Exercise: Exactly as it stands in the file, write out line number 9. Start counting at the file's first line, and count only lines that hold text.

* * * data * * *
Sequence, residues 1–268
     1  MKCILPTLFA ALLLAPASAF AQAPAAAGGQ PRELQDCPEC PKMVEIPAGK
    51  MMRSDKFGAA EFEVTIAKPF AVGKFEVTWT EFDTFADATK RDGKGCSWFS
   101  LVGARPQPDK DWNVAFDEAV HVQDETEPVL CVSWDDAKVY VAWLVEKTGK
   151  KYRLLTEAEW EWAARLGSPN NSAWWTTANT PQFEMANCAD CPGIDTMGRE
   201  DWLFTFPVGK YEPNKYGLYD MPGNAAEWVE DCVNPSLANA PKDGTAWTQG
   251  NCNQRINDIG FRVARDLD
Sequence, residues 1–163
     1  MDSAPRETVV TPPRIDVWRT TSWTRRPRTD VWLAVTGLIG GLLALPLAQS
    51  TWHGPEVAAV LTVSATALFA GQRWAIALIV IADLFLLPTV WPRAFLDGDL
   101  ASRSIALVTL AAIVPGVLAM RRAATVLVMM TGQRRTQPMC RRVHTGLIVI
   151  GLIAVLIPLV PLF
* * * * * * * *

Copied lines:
     1  MDSAPRETVV TPPRIDVWRT TSWTRRPRTD VWLAVTGLIG GLLALPLAQS